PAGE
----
COIMBATORE, a city and district of India, in the Madras presidency. The city is situated on the left bank of the Noyil river, 305 m. from Madras by the Madras railway. In 1901 it had a population of 53,080, showing an increase of 14% in the decade. The city stands 1437 ft. above sea-level, is well laid out and healthy, and is rendered additionally attractive to European residents by its picturesque position on the slopes of the Nilgiri hills. It is an important industrial centre, carrying on cotton weaving and spinning, tanning, distilling, and the manufacture of coffee, sugar, manure and saltpetre. It has two second-grade colleges, a college of agriculture, and a school of forestry.
The District of Coimbatore has an area of 7860 sq. m. It may be described as a flat, open country, hemmed in by mountains on the north, west and south, but opening eastwards on to the great plain of the Carnatic; the average height of the plain above sea-level is about 900 ft. The principal mountains are the Anamalai Hills, in the south of the district, rising at places to a height of between 8000 and 9000 ft. In the west the Palghat and Vallagiri Hills form a connecting link between the Anamalai range and the Nilgiris, with the exception of a remarkable gap known as the Palghat Pass. This gap, which completely intersects the Ghats, is about 20 m. wide. In the north is a range of primitive trap-hills known as the Cauvery chain, extending eastwards from the Nilgiris, and rising in places to a height of 4000 ft. The principal rivers are the Cauvery, Bhavani, Noyil, and Amravati. Numerous canals are cut from the rivers for the purpose of affording artificial irrigation, which has proved of immense benefit to the country. Well and tank water is also largely used for irrigation purposes. Coimbatore district was acquired by the British in 1799 at the close of the war which ended with the death of Tippoo. In 1901 the population was 2,201,782, showing an increase of 10% in the preceding decade. The principal crops are millet, rice, other food grains, pulse, oilseeds, cotton and tobacco, with a little coffee. Forests cover nearly 1 million acres, yielding valuable timber (teak, sandalwood, etc.), and affording grazing-ground for cattle. There are several factories for pressing cotton, and for cleaning coffee, oil-cake presses, tanneries and saltpetre refineries. Cereals, cotton, forest products, cattle and hides, and brass and copper vessels are the chief exports from the district. The south-west line of the Madras railway runs through the district, and the South Indian railway (of metre gauge) joins this at Erode.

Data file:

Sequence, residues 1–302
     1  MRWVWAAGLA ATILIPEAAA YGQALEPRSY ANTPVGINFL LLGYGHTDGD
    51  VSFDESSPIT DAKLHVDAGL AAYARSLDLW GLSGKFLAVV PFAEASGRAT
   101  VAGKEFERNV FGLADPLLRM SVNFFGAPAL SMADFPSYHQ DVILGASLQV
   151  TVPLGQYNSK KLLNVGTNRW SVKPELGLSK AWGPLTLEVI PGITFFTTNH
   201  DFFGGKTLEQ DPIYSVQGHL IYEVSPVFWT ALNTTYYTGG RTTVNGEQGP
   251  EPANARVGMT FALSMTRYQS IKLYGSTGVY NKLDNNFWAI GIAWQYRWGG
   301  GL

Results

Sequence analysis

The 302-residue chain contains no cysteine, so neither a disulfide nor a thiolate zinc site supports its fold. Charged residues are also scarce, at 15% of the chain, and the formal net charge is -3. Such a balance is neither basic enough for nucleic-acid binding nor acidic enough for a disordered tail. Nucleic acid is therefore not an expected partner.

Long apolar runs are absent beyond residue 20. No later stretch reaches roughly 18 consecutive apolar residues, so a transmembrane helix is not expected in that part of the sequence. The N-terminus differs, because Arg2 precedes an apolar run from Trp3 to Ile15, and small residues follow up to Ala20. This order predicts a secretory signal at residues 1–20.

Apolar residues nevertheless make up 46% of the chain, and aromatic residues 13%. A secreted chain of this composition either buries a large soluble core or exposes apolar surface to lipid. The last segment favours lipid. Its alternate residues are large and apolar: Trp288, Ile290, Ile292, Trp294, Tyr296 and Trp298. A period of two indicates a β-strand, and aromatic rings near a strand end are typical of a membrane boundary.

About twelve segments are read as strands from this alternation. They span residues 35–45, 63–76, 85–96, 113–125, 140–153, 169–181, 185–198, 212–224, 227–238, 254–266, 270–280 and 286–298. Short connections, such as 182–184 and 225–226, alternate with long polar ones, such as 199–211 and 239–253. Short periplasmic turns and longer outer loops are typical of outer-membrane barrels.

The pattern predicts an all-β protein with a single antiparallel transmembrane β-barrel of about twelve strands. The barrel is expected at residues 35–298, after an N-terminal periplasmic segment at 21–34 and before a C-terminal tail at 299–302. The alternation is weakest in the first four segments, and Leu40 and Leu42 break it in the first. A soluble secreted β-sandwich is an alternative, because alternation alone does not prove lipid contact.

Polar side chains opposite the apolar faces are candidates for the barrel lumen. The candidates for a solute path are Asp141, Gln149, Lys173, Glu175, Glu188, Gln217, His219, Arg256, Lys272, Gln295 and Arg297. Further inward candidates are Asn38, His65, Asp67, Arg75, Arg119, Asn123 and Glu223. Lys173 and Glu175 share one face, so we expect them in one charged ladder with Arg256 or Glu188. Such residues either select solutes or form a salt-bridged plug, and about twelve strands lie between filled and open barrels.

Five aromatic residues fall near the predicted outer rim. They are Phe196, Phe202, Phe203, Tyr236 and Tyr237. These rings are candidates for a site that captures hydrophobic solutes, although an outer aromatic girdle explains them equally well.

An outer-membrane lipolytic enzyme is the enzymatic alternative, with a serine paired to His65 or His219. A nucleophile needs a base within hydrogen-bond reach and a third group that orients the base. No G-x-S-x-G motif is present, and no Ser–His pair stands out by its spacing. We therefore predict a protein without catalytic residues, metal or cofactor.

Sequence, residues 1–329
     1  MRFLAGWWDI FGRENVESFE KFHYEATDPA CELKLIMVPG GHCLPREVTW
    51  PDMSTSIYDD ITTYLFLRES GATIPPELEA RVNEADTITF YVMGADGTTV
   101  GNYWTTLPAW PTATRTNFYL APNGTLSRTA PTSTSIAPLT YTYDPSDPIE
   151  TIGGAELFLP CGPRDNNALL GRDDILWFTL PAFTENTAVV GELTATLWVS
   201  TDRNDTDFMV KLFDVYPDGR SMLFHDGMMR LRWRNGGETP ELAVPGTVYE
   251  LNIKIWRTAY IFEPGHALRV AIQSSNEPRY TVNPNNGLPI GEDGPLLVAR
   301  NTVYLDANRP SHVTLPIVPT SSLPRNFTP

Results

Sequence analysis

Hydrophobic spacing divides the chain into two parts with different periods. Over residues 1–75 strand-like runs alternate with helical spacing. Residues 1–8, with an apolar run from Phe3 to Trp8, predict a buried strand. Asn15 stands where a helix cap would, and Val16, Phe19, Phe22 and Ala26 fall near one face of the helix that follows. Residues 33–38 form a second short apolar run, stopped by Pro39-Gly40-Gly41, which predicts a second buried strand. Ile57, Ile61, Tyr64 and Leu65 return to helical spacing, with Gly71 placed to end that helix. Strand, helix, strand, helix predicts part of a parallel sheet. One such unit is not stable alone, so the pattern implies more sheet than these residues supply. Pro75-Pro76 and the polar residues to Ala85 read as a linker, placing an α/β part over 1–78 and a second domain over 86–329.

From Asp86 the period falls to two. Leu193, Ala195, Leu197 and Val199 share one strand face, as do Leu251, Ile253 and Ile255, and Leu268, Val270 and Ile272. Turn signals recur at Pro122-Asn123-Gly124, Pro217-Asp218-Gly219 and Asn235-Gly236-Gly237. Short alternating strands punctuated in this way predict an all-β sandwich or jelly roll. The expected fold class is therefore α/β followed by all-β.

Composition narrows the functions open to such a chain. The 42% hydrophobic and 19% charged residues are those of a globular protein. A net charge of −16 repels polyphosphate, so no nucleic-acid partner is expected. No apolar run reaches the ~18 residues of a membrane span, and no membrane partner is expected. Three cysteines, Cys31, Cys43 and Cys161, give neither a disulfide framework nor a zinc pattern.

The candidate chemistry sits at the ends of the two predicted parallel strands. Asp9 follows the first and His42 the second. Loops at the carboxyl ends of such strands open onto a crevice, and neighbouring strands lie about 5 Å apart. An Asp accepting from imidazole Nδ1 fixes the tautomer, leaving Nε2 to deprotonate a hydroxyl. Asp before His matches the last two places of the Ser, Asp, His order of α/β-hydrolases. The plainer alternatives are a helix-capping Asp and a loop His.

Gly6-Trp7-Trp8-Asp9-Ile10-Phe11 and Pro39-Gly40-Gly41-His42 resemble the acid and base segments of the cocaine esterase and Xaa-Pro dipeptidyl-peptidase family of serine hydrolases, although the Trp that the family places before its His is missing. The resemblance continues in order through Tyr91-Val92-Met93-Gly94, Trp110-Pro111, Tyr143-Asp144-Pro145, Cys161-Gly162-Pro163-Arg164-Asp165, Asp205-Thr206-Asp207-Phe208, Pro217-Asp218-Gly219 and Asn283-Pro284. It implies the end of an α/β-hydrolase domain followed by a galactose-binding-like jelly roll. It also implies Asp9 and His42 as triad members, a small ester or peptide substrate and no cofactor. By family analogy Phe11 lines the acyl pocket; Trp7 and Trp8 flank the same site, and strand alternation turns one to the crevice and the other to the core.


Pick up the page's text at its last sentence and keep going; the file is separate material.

Note - this article incorporates content from Encyclopaedia Britannica, Eleventh Edition, (1910-1911)